Ching - Yuan HSU





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His landscapes evoke a foreign, unknown world that somehow seems strangely familiar. Apparitions from a distant, parallel reality inhabit the photographic scenes, sprung from the artist’s imagination in his signature of mental writing. The Beckettian absurd, embodying the confusion of man confronted with his and the world’s nonsensical existence, governs over form and circumstance in this environment. HSU Ching-Yuan’s theatrical world is stripped of all certainty, whether he casts characters, mummies or manikins in his surreal scenes. These scenes lie at a crossroad between symbolism and narration, born of a unique language and of primal intuitions that transcend the visible world and the image.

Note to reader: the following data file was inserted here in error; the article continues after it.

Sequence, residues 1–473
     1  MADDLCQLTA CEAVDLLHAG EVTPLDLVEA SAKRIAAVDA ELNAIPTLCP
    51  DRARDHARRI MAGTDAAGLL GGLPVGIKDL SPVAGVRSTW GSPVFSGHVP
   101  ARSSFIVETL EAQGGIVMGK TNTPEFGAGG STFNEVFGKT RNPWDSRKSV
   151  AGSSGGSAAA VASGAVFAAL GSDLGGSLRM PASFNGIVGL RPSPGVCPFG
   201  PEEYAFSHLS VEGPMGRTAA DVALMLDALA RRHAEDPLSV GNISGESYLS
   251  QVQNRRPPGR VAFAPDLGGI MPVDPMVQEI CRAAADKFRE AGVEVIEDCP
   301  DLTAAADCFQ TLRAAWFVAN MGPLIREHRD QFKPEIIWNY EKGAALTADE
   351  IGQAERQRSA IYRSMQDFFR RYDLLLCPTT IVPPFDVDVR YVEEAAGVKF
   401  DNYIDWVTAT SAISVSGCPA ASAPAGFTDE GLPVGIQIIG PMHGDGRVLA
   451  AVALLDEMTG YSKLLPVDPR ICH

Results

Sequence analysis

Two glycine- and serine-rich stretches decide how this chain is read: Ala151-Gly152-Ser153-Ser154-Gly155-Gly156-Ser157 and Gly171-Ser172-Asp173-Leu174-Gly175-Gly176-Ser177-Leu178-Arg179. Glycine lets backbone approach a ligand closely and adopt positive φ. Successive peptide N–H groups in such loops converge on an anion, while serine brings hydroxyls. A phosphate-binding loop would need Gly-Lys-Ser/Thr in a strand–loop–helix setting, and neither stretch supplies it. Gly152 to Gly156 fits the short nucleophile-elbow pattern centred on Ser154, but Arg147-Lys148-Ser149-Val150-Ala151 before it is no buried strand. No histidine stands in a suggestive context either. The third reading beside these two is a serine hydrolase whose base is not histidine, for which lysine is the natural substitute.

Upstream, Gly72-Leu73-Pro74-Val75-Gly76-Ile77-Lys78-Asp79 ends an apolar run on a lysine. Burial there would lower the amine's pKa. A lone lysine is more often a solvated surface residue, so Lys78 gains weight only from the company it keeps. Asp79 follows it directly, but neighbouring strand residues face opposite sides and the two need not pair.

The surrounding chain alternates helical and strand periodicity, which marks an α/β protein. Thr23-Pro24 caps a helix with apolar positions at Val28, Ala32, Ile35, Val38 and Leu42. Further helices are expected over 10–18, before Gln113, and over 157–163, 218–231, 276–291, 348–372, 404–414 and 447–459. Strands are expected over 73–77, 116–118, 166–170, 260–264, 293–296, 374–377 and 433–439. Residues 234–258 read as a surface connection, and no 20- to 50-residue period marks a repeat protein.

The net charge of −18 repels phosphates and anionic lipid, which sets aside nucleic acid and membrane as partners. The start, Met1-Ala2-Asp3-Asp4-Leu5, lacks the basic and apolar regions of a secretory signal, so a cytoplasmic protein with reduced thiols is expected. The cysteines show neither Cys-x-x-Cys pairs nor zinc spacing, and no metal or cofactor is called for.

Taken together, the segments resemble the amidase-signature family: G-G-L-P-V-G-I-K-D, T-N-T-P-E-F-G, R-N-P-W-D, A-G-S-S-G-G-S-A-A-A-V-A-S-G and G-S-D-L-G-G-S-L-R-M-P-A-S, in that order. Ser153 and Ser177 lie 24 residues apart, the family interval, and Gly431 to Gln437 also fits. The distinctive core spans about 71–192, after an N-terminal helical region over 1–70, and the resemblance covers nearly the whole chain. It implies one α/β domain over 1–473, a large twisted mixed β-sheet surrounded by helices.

HSU Ching-Yuan's theater is decorated with dead trees and glass walls as tools set for staging the consciousness of man. His theater is a representation, an aesthetic proposition offering the viewer an illusion that the bodies, the landscapes and situations are not what they appear to be: that this entire set is a facsimile of another reality. Therefore, like in Aristotle’s concept of imitation, the artwork does not mimic reality exactly, but provides a mimesis, a lens of reflection through the photographic medium, into the world.